Does the center of mass of a body always lie inside the body?

 In general centre of mass lie within the body but it may lie outside the system as its the hypothetical point where the entire mass of system is assumed to be concentrated during translational motion.Few examples where the centre of mass lies outside the system are as follows

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The position of the center of the mass depends upon the shape and size of the body and the distribution of its mass. Hence, it may lie inside or outside the material of the body.

i don't  want this type of answer since i am preparing for iit and so i need a deep explanation of a case where the centre of mass of body lies outside its mass distribution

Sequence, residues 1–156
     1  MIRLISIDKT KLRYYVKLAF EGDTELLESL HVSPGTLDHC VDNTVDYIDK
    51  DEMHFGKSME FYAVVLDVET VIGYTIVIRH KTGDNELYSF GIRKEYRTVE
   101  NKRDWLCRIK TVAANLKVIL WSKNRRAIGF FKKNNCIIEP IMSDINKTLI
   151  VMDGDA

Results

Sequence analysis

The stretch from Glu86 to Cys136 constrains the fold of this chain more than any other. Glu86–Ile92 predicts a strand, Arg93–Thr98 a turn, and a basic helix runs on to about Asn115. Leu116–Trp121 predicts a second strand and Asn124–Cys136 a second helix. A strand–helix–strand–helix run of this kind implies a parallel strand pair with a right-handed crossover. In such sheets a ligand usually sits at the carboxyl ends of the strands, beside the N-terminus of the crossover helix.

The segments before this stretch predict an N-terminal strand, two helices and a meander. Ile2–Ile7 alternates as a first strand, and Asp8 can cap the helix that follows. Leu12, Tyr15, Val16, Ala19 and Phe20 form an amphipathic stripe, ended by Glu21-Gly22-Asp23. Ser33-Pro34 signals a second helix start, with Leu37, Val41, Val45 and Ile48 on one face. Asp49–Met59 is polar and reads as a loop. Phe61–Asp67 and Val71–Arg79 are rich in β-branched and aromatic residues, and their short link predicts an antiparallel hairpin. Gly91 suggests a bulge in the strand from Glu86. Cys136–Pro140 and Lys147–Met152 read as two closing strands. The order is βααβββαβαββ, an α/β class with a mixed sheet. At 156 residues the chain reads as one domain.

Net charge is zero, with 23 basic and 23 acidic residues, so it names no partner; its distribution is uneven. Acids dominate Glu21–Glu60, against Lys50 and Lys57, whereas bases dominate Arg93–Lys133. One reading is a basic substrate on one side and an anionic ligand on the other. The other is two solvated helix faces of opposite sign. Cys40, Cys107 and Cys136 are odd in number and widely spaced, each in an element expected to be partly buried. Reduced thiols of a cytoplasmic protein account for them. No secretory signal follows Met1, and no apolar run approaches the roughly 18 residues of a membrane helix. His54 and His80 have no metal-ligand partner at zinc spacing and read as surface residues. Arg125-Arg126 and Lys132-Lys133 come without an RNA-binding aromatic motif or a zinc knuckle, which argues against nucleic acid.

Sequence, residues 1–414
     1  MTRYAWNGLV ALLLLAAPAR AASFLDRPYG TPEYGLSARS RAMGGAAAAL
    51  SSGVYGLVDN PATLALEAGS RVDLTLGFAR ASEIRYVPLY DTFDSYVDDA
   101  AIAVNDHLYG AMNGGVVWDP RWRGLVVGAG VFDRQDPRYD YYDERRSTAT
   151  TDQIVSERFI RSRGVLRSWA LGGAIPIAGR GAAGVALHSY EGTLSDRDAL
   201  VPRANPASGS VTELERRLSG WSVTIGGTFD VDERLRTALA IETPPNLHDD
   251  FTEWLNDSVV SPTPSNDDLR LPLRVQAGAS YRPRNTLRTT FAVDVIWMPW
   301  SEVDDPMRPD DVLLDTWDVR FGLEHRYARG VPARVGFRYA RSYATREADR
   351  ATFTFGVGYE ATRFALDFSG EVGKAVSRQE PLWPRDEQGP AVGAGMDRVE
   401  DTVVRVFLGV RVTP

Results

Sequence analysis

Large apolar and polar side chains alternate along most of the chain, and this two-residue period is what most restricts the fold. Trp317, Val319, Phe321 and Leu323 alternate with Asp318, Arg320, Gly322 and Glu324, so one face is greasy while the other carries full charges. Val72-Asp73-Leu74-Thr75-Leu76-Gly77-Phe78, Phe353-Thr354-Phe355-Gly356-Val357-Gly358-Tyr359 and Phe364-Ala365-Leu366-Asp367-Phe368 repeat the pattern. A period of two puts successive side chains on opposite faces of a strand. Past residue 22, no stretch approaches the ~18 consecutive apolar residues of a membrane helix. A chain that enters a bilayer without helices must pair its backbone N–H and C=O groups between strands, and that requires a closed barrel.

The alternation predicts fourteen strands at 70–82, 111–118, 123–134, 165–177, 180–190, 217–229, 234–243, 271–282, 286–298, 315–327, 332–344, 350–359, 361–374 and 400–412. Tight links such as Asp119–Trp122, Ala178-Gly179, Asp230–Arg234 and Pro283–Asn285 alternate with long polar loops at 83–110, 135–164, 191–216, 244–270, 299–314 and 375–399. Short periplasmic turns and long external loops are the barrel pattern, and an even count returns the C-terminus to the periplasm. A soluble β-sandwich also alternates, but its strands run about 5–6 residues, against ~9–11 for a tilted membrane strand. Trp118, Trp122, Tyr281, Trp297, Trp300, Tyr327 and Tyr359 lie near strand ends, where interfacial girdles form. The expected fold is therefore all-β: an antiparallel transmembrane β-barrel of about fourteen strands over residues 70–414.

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Yes it can be outside the body. Think of a flat 'V' shaped piece of metal, for example. The centre of mass will be somewhere along the centre line (i.e. somewhere along the line running from the point of the 'V' to the mid-point between the ends of the two arms). You can see straightaway that this centre of mass is outside the body.

How van the force cause the effect? I think we can clear this up by adding a few words to your description: How about this (UPPERCASE letter are my additions)?

The "centre of mass AN IMAGINARY point on the body at which all the individual forces acting on the body if applied would produce the same effect IF THAT IMAGINARY POINT WAS CONNECTED RIGIDLY TO EVERY OTHER POINT ON THE BODY"

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